#4 – Board Diversity.

Public concern has been expressed about the magnitude of Cabinet nominees' financial holdings, specifically, that the Cabinet will be made up primarily of millionaires and billionaires and will lack perspective as a result. This concern relates to the very vital corporate governance debate about the breadth of diversity on a governing board.

One question typically addressed in the nomination process is whether there are certain qualifications or experiences that all board members should meet or whether board members should have a broader scope of qualifications or experiences. New governance best practices suggest companies benefit from a board composed of members of diverse backgrounds and perspectives, not only as to gender and race, but also as to experience, thought and perspective.

#5 – Nepotism.

Trump announced he has appointed his son-in-law, Jared Kushner, a New York businessman, as a senior White House advisor. There is no clear nonprofit analogy to such an arrangement.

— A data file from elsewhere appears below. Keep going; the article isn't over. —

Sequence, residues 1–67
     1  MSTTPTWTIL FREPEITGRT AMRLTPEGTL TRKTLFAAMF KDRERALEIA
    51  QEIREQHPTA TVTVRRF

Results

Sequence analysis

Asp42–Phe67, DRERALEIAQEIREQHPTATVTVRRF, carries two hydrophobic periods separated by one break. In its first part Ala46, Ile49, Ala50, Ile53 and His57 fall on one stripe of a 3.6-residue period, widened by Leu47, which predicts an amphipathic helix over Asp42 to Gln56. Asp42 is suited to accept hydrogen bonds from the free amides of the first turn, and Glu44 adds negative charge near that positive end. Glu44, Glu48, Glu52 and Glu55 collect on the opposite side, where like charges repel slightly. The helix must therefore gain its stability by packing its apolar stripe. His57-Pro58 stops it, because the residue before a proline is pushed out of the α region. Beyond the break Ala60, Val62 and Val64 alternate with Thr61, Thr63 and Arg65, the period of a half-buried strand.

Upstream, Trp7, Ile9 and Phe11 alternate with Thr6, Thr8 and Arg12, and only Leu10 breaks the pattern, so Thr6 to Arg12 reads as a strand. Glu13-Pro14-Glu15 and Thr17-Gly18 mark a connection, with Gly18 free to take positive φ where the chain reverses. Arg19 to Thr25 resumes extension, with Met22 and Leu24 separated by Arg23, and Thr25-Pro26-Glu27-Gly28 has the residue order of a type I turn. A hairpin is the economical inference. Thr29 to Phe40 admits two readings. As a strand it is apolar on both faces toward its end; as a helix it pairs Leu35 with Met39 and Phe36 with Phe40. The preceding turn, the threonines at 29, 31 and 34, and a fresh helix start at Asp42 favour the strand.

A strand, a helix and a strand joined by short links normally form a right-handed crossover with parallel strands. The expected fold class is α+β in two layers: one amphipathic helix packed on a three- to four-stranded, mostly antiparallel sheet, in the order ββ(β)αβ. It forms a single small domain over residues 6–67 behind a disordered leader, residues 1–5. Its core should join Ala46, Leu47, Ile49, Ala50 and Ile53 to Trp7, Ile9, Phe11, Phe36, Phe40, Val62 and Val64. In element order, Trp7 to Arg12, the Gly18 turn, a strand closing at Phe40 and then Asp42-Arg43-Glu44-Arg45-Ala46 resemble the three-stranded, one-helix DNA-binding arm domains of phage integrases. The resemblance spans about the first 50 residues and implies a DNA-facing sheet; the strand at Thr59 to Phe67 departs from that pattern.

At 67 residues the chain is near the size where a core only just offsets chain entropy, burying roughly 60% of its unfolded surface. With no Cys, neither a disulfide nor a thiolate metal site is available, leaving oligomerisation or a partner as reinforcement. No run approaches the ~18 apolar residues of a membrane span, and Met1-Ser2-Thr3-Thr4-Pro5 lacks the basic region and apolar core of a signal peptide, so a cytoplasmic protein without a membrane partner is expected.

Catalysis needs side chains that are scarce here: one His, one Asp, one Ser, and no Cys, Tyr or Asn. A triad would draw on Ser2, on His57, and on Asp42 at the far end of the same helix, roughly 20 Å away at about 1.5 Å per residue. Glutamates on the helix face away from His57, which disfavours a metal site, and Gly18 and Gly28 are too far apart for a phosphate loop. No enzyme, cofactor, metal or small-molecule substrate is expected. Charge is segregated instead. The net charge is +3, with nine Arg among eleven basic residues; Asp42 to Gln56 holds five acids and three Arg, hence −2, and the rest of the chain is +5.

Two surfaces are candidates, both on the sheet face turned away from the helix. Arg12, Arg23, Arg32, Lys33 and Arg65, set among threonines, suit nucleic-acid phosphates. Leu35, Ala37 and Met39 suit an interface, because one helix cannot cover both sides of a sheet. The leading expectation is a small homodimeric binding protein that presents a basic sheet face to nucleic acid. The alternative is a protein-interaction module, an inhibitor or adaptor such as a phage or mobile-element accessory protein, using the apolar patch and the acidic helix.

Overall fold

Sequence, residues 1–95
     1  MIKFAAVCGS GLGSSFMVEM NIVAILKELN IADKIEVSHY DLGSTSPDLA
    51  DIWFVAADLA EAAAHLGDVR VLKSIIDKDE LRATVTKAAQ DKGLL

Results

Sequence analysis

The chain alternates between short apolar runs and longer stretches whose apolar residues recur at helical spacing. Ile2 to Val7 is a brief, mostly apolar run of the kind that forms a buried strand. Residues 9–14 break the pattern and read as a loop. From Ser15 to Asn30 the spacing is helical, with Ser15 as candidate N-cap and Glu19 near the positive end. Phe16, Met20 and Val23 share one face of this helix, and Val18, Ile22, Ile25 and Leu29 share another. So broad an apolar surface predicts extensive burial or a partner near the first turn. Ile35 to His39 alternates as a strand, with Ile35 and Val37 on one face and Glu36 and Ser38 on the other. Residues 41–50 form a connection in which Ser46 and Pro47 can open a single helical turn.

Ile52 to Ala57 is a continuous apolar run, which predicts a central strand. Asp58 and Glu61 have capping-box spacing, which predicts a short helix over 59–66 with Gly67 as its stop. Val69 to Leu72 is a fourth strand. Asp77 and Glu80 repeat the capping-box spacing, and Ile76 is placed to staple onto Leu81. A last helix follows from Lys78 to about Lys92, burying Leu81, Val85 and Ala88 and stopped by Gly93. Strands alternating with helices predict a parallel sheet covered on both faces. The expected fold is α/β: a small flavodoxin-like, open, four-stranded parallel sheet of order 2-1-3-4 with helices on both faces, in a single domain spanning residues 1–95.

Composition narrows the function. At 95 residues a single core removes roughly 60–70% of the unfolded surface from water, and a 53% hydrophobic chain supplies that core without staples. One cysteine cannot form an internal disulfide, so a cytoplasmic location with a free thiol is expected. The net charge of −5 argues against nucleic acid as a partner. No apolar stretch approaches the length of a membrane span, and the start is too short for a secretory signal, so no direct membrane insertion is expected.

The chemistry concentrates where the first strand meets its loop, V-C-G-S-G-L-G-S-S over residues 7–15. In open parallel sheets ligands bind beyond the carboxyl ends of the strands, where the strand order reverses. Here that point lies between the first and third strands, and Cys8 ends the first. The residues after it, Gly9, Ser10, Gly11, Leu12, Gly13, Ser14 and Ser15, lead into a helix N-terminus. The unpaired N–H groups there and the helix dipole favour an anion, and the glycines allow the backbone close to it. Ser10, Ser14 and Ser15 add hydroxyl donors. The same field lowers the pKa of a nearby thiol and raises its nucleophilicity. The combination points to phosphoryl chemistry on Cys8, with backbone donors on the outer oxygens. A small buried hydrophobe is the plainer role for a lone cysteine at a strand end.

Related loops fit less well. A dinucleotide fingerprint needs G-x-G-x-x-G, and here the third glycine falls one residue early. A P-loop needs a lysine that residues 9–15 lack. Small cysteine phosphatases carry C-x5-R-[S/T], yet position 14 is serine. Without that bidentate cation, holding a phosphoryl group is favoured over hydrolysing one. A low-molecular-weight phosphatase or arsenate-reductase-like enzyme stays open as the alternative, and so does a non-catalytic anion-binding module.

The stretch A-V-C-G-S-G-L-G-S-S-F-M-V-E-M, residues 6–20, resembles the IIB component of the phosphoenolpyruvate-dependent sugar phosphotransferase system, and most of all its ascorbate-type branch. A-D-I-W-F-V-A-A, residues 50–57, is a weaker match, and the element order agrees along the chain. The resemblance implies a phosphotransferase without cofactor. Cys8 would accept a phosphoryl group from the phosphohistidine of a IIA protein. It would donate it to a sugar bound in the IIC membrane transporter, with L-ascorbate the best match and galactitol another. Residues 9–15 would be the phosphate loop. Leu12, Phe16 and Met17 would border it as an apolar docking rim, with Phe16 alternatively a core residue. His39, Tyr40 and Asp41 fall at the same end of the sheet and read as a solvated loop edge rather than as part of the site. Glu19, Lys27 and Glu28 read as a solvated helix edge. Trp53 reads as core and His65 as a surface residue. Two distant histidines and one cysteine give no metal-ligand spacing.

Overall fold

Many health systems, however, prohibit or limit the employment of relatives of board members or senior executives, at least at levels where the board member or senior executive could exert influence over the employment arrangement. In addition, nonprofit governance best practices call for a significant percentage of the board to be comprised of independent directors. A director who has a family member employed by the nonprofit likely wouldn't qualify as such. Nonprofit health systems should bear in mind that most situations involving employment of a family member of a current or recent officer, director, trustee or key employee must be disclosed on the annual tax Form 990, Return of Organization Exempt From Income Tax, and thus will be subject to additional scrutiny.